A Victory for Women’s Soccer over Wage Discrimination

The U.S. women's soccer team after they won the 2015 World Cup championship. PHOTO CREDITS: Getty Images via Daily Mail

The U.S. women's soccer team after they won the 2015 World Cup championship. PHOTO CREDITS: Getty Images via Daily Mail

 

As we celebrated #EqualPayDay earlier this week, women’s soccer won a huge victory in the battle of equal pay for equal work. US Soccer agreed on a new deal to give the US women’s national team better pay and benefits. This comes after five star athletes filed a complaint last year of wage discrimination.

 

For those of you who somehow think the #USWNT "haven't earned it." #EqualPlay #EqualPay pic.twitter.com/pMk03ug3Mx

— Sam (@phasmasam) March 31, 2016

 

When interviewed by the NY Times, the goalkeeper Hope Solo said:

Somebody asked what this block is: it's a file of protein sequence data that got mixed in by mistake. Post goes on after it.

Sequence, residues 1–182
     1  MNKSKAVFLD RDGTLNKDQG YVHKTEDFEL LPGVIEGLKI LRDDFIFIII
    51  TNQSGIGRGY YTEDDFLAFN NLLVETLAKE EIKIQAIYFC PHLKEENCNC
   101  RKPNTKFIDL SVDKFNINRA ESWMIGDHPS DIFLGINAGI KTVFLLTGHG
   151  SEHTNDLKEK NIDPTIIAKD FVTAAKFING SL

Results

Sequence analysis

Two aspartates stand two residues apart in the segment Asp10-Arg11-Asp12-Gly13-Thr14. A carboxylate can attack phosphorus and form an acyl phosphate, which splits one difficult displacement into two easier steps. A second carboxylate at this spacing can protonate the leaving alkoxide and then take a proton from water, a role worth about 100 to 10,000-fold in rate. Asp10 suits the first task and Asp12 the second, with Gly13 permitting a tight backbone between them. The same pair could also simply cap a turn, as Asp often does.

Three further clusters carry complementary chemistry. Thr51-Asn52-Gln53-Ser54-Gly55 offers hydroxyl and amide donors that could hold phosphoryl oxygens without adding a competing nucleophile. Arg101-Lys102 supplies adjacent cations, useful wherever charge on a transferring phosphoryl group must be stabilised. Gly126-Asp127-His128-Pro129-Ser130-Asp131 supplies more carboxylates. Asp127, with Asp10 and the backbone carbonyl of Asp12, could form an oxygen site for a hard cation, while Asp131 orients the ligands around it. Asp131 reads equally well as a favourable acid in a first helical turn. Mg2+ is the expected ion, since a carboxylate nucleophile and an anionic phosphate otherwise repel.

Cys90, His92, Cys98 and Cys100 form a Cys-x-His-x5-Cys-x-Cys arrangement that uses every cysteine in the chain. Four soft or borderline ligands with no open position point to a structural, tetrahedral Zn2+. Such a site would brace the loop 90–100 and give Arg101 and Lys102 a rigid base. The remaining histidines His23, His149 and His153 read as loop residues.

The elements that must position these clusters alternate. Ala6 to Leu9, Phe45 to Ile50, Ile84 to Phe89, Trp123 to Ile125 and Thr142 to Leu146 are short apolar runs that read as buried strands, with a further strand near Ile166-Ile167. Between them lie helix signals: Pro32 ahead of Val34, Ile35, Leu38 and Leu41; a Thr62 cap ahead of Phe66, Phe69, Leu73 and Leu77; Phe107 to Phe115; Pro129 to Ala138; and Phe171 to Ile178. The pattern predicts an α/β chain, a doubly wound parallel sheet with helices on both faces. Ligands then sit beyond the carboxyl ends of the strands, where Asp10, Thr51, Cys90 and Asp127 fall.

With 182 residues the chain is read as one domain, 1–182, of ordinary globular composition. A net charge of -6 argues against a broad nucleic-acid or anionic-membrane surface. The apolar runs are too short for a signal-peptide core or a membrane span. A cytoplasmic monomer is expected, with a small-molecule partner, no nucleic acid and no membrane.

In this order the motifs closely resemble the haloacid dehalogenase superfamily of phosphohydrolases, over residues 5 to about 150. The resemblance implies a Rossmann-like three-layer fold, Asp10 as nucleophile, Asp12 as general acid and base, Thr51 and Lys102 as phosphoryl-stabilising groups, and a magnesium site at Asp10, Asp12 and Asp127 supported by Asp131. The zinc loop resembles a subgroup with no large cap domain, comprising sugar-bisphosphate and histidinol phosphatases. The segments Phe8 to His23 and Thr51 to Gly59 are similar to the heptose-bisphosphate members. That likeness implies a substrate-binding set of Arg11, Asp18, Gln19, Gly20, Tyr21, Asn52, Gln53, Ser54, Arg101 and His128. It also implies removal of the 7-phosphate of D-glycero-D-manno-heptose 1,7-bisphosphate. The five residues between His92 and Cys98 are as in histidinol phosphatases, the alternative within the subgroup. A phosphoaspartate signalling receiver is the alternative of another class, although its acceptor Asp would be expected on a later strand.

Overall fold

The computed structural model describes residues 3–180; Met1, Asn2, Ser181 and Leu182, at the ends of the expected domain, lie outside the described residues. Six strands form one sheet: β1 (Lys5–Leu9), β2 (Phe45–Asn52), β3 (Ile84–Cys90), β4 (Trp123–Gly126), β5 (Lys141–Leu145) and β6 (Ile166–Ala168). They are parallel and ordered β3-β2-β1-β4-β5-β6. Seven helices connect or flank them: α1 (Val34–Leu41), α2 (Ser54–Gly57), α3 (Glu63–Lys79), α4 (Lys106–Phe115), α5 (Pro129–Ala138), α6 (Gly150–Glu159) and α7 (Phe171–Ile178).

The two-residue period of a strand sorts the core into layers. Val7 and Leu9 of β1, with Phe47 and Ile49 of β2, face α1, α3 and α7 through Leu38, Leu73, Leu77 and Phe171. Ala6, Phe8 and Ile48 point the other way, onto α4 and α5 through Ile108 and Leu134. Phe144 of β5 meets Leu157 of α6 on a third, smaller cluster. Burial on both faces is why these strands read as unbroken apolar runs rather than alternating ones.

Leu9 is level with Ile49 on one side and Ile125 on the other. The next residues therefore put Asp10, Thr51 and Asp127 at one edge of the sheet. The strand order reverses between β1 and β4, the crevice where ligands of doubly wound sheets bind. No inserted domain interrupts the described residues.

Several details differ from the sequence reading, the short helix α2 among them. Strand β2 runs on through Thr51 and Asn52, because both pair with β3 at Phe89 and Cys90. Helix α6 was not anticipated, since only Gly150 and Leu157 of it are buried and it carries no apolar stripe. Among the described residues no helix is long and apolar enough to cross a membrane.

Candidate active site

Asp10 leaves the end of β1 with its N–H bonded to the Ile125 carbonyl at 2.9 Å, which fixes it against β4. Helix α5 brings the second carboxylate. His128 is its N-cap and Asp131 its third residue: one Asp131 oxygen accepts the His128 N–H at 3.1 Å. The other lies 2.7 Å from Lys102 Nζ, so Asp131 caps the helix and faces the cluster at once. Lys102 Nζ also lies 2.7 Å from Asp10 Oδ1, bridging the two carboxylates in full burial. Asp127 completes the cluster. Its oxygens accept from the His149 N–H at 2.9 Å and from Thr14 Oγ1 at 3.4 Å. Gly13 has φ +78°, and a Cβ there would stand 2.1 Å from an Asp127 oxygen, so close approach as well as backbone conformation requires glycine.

“The numbers speak for themselves. We are the best in the world, have three World Cup championships, four Olympic Championships [yet the men’s players] get paid more to just show up than we get paid to win major championships.”

 

As the defending World Cup champions, no one can argue that these women haven’t earned their fair share of pay. While the latest deal with US Soccer doesn’t guarantee equal pay compared to the US men’s national team, it makes great progress in paving the way towards that goal. Through changes in the pay structure as well as a major salary bump, bigger bonuses, and better travel/maternity benefits, female athletes on the soccer field are feeling empowered to reach equal pay sooner rather than later.

 

Shout out to all the women out there working their butts off for less! ????????‍????#equalpayday #ChangeTheGame

— Christen Press (@ChristenPress) April 4, 2017

 

Join a community of peacemakers and start your own gender equality project today to help fight gender discrimination.